We investigated the SVMC of lower limb joints in 31 neurologically intact adults, 31 neurologically intact children, and 23 pediatric patients (all diagnosed with cerebral palsy). When assessing the SVMC of the upper extremities, 33 neurologically intact adults, 31 neurologically intact children, and 25 pediatric patients with various upper motor neuron lesion diagnoses participated. The participants’ characteristics can be seen in Table 1.
Summary of data analysis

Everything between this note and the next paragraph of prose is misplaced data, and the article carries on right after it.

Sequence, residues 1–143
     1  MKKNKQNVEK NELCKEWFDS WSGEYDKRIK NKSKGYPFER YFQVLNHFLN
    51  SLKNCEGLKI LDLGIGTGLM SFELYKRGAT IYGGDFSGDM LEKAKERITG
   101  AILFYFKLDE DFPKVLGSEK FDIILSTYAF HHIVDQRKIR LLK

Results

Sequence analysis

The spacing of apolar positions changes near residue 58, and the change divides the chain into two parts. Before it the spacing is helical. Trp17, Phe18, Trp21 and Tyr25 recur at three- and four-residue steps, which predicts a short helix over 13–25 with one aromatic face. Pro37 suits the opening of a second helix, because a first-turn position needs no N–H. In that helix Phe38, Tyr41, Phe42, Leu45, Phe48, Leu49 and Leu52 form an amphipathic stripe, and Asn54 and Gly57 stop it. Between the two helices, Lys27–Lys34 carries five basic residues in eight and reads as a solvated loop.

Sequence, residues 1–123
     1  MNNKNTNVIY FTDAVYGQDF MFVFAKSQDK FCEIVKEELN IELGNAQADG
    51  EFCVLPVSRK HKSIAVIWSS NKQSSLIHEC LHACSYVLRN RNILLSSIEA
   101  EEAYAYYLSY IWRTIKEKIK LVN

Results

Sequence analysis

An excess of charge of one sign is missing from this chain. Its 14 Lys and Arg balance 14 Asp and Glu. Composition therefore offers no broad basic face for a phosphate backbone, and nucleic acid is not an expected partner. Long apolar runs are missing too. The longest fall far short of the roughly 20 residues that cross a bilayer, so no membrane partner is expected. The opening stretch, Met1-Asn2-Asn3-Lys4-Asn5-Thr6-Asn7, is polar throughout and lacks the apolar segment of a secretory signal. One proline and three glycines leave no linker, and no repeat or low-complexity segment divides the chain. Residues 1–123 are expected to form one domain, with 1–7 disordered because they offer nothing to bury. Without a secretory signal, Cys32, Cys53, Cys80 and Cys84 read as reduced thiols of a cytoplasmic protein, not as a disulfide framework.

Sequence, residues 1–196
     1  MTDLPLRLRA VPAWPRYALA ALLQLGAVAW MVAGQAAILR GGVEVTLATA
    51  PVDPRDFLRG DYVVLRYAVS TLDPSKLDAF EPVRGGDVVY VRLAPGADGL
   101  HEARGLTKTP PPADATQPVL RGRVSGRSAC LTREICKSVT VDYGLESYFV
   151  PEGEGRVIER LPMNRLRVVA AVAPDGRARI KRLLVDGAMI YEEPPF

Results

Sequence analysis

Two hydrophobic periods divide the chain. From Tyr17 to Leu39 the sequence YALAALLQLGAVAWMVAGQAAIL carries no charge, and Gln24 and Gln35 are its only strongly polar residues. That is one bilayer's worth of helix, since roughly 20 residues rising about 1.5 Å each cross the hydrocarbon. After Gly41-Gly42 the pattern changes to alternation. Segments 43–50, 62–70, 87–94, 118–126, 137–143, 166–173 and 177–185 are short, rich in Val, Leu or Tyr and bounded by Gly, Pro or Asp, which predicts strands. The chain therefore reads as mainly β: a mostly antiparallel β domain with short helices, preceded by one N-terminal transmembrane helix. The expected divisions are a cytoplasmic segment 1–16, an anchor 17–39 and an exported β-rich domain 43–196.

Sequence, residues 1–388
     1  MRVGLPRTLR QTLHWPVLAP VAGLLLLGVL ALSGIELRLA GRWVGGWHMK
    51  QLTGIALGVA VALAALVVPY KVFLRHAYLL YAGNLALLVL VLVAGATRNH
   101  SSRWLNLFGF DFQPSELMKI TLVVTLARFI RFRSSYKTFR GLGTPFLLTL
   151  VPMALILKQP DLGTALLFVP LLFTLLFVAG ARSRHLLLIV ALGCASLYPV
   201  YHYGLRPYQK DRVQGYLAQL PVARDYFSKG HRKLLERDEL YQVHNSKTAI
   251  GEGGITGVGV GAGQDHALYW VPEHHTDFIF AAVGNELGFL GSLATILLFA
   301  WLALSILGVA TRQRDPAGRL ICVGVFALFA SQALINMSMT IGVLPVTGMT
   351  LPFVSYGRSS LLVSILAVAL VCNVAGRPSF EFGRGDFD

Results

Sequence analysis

We wrote an algorithm in MATLAB to calculate the metrics of target joint accuracy and involuntary movements from the accelerometer data (Fig. 2 summarizes the process for both metrics). A detailed description of the algorithm can be found in the supplementary material (starting with the subheading ‘Algorithm: Angle calculation’). In summary, for the accuracy score, the avatar position was calculated relative to the calibrated range of motion (percentage score). Because one sensor of the pair acts as reference for the other, shifts in the plane the game is played in do not influence the avatar position. After filtering the data, the relative avatar position and the reference adults were used to create the final score. The difference between the target path and the avatar positon was divided by the adult standard deviation around the target path. This allows to interpret deviations from the target path with respect to target path difficulty (a more difficult trajectory leads to larger standard deviations). Finally, all deviations were averaged into one accuracy score.